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does she love me
Posted: Monday, September 25, 2017 5:41:07 PM

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The man's statement was entirely sound, with no purchase for rebuttal at all.
He thought the whole situation as normal and had no purchase to question it

After reading these, I was curious if purchase is used correctly in the context either as an expression or if anyone has heard sentences alike before?
NKM
Posted: Monday, September 25, 2017 5:50:30 PM

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TFD offers the following definition of "purchase" as a noun:
- A hold or position that allows the application of power, as in moving something.

Thus: "no basis for rebuttal" and "no likelihood of success in trying to question it".

does she love me
Posted: Monday, September 25, 2017 5:55:30 PM

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Perfect, appreciate the time!
NELDCES
Posted: Monday, September 25, 2017 7:50:19 PM
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Purchase (n)


I hardly seem to use this word to describe one thing I did while practicing my English.


I used to say that we need to keep our receipt as a proof of purchase.


Drag0nspeaker
Posted: Tuesday, September 26, 2017 4:43:26 AM

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Location: Livingston, Scotland, United Kingdom
Ah! - A completely different meaning of the word.

You are ALSO correct.

'Purchase' (noun) means 'something you have bought' or 'the act of buying'.

'Purchase' (noun) means 'a grip', 'a hold', 'a position from which to apply effort'.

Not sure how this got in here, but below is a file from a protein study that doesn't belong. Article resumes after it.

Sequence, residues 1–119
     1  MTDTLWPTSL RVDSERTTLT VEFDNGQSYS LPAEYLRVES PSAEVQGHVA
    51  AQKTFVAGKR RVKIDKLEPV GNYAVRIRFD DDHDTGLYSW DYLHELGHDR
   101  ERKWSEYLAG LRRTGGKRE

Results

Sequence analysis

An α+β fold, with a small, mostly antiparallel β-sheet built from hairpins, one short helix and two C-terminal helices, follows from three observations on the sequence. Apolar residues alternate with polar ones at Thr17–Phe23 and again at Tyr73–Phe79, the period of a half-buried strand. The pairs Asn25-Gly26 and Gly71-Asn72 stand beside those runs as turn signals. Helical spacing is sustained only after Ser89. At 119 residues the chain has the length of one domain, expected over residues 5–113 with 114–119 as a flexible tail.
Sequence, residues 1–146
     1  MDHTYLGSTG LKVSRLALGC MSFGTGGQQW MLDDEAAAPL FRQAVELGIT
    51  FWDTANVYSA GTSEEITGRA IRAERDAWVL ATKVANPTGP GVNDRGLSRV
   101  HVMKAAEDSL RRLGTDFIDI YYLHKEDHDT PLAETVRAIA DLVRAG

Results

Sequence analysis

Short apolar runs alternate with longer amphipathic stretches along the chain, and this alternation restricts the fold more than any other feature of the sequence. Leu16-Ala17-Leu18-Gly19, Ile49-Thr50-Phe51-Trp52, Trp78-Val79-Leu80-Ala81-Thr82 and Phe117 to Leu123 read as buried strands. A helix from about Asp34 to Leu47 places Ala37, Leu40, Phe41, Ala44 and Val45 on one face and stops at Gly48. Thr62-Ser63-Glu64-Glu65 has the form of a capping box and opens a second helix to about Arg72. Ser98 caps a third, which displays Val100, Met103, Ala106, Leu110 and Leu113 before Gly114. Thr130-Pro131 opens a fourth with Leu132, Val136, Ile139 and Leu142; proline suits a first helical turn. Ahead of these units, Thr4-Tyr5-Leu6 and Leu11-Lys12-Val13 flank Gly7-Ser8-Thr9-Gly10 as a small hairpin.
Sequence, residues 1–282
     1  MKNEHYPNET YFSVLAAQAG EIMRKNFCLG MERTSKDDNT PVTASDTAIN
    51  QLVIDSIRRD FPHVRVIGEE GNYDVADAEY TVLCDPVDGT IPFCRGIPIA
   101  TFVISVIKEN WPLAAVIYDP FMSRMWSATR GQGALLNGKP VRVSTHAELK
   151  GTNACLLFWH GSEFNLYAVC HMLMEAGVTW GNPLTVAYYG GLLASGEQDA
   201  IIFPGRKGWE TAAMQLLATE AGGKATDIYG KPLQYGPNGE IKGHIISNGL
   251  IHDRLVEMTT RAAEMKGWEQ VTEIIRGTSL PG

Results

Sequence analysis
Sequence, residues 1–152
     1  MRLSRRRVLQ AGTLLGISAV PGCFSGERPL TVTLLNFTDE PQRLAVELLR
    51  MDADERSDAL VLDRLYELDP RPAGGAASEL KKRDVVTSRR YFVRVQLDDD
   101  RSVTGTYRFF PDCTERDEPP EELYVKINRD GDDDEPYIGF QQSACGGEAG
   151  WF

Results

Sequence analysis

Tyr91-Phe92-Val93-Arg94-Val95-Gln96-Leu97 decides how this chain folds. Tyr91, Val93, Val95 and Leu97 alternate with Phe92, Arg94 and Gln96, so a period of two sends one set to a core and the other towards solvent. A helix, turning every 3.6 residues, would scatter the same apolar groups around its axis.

Wyrd bið ful aræd - bull!
thar
Posted: Thursday, September 28, 2017 12:19:48 PM

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The two apparently different meanings are actually logically linked.

Latin captare, - to capture, chase, go after -
modern French pourchasser to pursue; to chase

Anglo-French brought the meaning of 'pursue, gain, obtain' into English - but not by paying for it!
English
Quote:
purchase - c. 1300, "acquisition, gain;" also, "something acquired or received, a possession; property, goods;" especially "booty, spoil; goods gained by pillage or robbery" (to make purchase was "to seize by robbery").
Also "mercenary soldier, one who fights for booty."


Then the 'effort' began to mean you payed money for it!
Quote:
Originally to obtain or receive as due in any way, including through merit or suffering; specific sense of "acquire for money, pay money for, buy" is from mid-14c., though the word continued to be used for "to get by conquest in war, obtain as booty" up to 17c.


So, however you did it, you have got hold of something. And you keep hold...
Quote:
The sense of "hold or position for advantageously applying power" (1711) is extended from the nautical verb meaning "to haul or draw (especially by mechanical power)," often used in reference to hauling up anchors, attested from 1560s.




making modern English noun purchase - grip, traction









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